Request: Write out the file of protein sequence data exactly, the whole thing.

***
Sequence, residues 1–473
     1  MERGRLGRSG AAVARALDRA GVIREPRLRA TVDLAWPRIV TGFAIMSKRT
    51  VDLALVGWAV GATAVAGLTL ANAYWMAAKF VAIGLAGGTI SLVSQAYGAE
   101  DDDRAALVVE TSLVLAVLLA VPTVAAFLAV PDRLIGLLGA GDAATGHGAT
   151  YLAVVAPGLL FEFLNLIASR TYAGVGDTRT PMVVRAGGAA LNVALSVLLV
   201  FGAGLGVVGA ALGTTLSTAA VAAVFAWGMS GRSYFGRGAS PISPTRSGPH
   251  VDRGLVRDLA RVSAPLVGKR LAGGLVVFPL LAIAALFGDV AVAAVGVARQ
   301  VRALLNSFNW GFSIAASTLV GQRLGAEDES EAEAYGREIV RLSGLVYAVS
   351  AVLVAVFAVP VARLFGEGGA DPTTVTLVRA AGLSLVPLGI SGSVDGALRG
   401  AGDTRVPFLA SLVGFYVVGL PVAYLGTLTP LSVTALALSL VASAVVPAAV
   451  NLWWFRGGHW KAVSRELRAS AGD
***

Sequence, residues 1–473
     1  MERGRLGRSG AAVARALDRA GVIREPRLRA TVDLAWPRIV TGFAIMSKRT
    51  VDLALVGWAV GATAVAGLTL ANAYWMAAKF VAIGLAGGTI SLVSQAYGAE
   101  DDDRAALVVE TSLVLAVLLA VPTVAAFLAV PDRLIGLLGA GDAATGHGAT
   151  YLAVVAPGLL FEFLNLIASR TYAGVGDTRT PMVVRAGGAA LNVALSVLLV
   201  FGAGLGVVGA ALGTTLSTAA VAAVFAWGMS GRSYFGRGAS PISPTRSGPH
   251  VDRGLVRDLA RVSAPLVGKR LAGGLVVFPL LAIAALFGDV AVAAVGVARQ
   301  VRALLNSFNW GFSIAASTLV GQRLGAEDES EAEAYGREIV RLSGLVYAVS
   351  AVLVAVFAVP VARLFGEGGA DPTTVTLVRA AGLSLVPLGI SGSVDGALRG
   401  AGDTRVPFLA SLVGFYVVGL PVAYLGTLTP LSVTALALSL VASAVVPAAV
   451  NLWWFRGGHW KAVSRELRAS AGD